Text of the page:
I was interviewed for this Zoe Schiffer piece at The Verge on Scabby the Rat, the union symbol that so infuriated Trump’s NLRB general counsel Peter Robb that he sought to ban it.
Robb tried to say that Scabby’s presence at the show was “so intimidating” it could “coerce third parties that have nothing to do with the spat, such as the RV company’s contractors,” according to HuffPost. Such coercion would constitute an illegal secondary boycott.
Luckily for Scabby, Joe Biden took office and promptly fired Robb, replacing him with acting General Counsel Peter Sung Ohr. In February, Ohr filed a motion to withdraw the earlier complaint.
The move indicated that Scabby’s future was — for the moment — secure. But Erik Loomis, a labor history professor at the University of Rhode Island, says he’s not sure the rat is as relevant for the current worker-led movement as it once was. “It doesn’t represent what’s going on in Alabama right now,” he says. “It doesn’t represent organizing at Google. It doesn’t represent the gig worker economy. It really represents an older version of the American labor movement.”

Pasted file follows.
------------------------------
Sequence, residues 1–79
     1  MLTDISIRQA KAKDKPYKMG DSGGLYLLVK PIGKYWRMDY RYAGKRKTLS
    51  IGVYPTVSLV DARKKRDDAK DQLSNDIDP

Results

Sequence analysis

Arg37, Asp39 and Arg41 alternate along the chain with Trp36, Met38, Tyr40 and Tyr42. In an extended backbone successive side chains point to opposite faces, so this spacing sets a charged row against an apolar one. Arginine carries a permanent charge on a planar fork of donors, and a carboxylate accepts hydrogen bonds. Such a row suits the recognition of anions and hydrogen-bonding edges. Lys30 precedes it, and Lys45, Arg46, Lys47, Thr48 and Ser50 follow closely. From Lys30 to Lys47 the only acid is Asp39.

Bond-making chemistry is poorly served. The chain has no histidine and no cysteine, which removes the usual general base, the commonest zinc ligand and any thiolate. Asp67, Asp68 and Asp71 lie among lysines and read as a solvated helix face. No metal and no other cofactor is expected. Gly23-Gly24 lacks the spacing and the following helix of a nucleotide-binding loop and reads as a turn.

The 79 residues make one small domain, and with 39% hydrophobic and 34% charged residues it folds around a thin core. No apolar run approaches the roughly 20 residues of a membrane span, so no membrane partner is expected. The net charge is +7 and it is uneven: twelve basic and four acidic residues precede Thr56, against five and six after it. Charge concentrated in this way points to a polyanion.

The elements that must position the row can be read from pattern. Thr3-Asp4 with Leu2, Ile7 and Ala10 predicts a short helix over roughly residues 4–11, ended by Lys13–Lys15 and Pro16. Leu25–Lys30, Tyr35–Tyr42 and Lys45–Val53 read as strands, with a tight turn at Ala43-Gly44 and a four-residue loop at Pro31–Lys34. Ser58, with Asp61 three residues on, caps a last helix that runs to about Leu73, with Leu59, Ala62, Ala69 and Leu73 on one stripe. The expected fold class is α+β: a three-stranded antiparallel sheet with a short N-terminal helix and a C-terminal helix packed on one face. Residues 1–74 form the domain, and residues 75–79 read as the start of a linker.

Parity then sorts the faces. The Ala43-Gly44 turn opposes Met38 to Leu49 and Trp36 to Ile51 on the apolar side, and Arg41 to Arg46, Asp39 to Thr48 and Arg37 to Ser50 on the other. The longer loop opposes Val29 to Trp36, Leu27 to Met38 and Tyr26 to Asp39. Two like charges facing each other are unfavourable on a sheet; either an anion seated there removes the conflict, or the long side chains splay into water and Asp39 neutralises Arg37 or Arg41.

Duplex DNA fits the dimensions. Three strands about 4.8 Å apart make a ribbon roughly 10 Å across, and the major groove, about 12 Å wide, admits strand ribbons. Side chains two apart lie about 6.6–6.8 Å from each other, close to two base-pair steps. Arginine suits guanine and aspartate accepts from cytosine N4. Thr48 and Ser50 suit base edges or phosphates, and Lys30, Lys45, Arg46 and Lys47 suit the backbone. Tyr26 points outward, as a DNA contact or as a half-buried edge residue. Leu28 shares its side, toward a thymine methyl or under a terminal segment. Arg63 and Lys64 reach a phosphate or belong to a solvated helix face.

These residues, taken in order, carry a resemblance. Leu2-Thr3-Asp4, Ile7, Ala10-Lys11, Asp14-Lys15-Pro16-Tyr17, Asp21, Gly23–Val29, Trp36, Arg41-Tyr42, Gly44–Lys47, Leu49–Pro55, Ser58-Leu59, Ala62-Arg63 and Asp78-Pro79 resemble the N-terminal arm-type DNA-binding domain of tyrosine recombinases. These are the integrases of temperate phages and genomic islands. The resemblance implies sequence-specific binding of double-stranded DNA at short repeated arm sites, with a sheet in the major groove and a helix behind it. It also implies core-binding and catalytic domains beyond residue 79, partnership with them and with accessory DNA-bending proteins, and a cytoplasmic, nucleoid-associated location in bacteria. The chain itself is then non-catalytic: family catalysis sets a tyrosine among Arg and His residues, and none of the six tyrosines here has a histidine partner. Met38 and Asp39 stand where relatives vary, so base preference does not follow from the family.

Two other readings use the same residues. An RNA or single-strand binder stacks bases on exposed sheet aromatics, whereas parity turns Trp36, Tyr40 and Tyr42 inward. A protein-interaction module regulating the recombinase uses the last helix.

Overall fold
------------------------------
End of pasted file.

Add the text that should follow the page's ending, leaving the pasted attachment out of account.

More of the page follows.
That’s partly because Scabby is a product of the building trades, where the rat has long been associated with “scabs,” or people who cross a picket line during a strike to continue working. Newer organizers, particularly in tech, might not know that history, Loomis says.
Sweeney believes Scabby could still have a place in tech unions, noting they are all fighting for the same cause. “It doesn’t matter if I’m a traditional older union, or if I’m a new tech union, we’re doing the same thing,” he says. “We’re all trying to lift workers’ wages, we’re trying to lift workers’ conditions and dignity up. That’s what we’re about.”
Whether or not Scabby has a place in Bessemer, Loomis says he doesn’t expect the rat to go away anytime soon. That’s partly because of how fervently people like Peter Robb hate it. “It does show just how much that silly inflatable rat infuriates those building owners and contractors,” Loomis says. “If anything, Robb’s attack on it made people defend it even more.”